FORBES: YES, It Was ObamaCare That Increased Premiums

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ObamaCare advocates have said for years that the Affordable Care Act was not the cause of rising premiums, but that argument is no longer plausible due to findings from new data from eHealth.

eHealth sells ObamaCare Marketplace health plans. The company also sold a wide variety of health plans through its own website. This was done for many years before the ACA was passed.

It turns out that across the board… For all ages and family sizes… For HMO, PPO, and POS plans… premium increases averaged about 60 percent from 2013, the last year before ACA reforms took effect, to 2017.

FORBES: YES, It Was ObamaCare That Increased Premiums

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In same length of time preceding that, all groups experienced premium increases of less than 10 percent. Most age groups actually experienced premium decreases, on average.


Forbes explains:

These findings come from new data from eHealth. It sells ACA Marketplace health plans. It also sells a wide variety of health plans through its own website for many years before ObamaCare was passed, as well as both on and off the Exchanges after the ACA took effect.

For years starting with 2014:

The data include ACA-compliant, non-employer-sponsored plans sold both on and off exchanges. It does not include premium subsidies, which in any case are available only to on-exchange purchasers with qualifying income.

The data allow us to break down the pre- and post-ACA changes by age, individual vs. family, and plan type. Overall, Health Maintenance Organization (HMO) premiums actually decreased 4.6% in the four years before the ACA reforms came into effect (that is, from 2009 to 2013). It increased 46.4% in the first four years under ObamaCare.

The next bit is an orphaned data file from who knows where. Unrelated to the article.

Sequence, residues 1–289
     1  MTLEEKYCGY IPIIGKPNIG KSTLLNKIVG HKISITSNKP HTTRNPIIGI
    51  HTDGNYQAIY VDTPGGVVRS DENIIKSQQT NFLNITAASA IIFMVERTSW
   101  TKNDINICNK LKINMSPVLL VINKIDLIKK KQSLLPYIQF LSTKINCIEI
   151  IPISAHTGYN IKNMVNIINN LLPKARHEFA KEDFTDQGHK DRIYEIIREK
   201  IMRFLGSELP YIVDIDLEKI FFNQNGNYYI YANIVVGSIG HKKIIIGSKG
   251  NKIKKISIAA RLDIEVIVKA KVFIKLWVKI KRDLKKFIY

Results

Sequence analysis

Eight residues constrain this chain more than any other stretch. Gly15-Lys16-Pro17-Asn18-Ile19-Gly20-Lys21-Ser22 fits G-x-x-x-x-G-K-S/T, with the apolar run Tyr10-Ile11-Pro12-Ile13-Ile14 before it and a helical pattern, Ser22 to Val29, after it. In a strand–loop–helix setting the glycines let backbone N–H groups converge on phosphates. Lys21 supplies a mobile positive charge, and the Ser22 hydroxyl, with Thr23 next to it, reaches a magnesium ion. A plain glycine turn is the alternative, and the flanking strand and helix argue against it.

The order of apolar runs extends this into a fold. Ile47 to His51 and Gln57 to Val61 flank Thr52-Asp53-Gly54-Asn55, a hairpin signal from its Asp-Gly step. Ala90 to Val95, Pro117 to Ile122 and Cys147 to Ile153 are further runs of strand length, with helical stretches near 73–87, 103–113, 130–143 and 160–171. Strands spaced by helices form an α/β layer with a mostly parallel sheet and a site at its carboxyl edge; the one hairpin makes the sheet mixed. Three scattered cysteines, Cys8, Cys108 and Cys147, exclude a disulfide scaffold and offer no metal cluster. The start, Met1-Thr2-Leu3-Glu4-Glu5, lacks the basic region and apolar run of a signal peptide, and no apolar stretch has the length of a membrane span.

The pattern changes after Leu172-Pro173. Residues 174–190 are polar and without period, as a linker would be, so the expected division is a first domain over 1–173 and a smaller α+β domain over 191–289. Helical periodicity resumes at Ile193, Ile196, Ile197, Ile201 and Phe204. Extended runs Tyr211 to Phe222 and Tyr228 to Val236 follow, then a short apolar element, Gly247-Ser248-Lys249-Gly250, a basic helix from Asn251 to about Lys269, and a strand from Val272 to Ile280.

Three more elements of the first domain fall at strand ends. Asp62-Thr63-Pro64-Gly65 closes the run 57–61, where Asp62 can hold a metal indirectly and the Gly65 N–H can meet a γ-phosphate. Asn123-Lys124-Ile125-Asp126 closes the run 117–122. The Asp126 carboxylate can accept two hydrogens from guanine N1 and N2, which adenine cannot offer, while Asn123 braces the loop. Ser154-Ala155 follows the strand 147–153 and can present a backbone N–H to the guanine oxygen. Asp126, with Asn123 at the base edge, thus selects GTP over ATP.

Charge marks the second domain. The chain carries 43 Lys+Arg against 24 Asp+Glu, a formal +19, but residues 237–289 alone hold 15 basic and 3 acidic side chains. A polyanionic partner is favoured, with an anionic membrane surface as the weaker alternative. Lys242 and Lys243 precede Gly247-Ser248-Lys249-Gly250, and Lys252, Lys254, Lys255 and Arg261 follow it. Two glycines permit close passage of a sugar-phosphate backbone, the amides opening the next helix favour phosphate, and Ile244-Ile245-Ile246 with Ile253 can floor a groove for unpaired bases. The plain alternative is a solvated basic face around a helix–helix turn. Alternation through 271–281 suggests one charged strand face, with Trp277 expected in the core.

Point-of-Service (POS) premiums decreased 14.9% before the ACA, and increased a whopping 66.2% afterwards. Premiums for the more common Preferred Provider Organization (PPO) plans increased 15% in the four years before the ACA, and 66.2% afterwards.

In each case, the increases differed among age groups. Families headed by those under 30 and over 50 generally being hit the hardest by the ACA premiums increases. However, once we remove the self-sorting into different plan types, and average each age group and household type (i.e., family or individual), the results are very consistent. In the four years before ObamaCare, every age group and family type either experienced a premium decrease, or an increase of 9.2% or less.

However, in the first four years of the ACA, every age group and household type experienced an increase of between 56.0% and 63.2%. For something as complex as health care, that’s a pretty narrow range. The dollar amounts of the increase varied from $2,524 for an individual between the ages of 31 and 40, to $12,040 for a family headed by someone over age 60. But the percentages are remarkably consistent: The ACA raised premiums by about 60 percent.

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It does not get any clearer than that.

Each year insurers submit filings to state regulators. They detail their plans to participate on the Affordable Care Act marketplaces (also called exchanges).

These filings include information on the premiums insurers plan to charge in the coming year and which areas they plan to serve. Each state or the federal government reviews premiums to ensure they are accurate and justifiable before the rate goes into effect. Regulators have varying types of authority and states make varying amounts of information public.

An analysis of health insurance costs conducted by eHealth finds that projected rate increases for 2018 health insurance plans would make coverage unaffordable for many, according to the rules of Obamacare.

eHealth’s analysis shows that projected costs for 2018 health insurance plans would be officially unaffordable for 29% of individuals and 54% of families who bought their health insurance at eHealth during the 2017 open enrollment period.

Several states have announced rates for health insurance premiums on the Obamacare exchanges for 2018. Topping the list is Georgia, with rates that are 57 percent higher than last year, while Florida said some premiums will be 45 percent higher.

For its analysis, eHealth looked at quoted health insurance premiums for the lowest cost bronze-level health insurance plan across all 50 states during the 2017 open enrollment period. They then added 28% to these figures to estimate costs for 2018. This percentage increase is based on estimates published by Oliver Wyman Health. They projected that rate increases would range from 28% to 40% for 2018.

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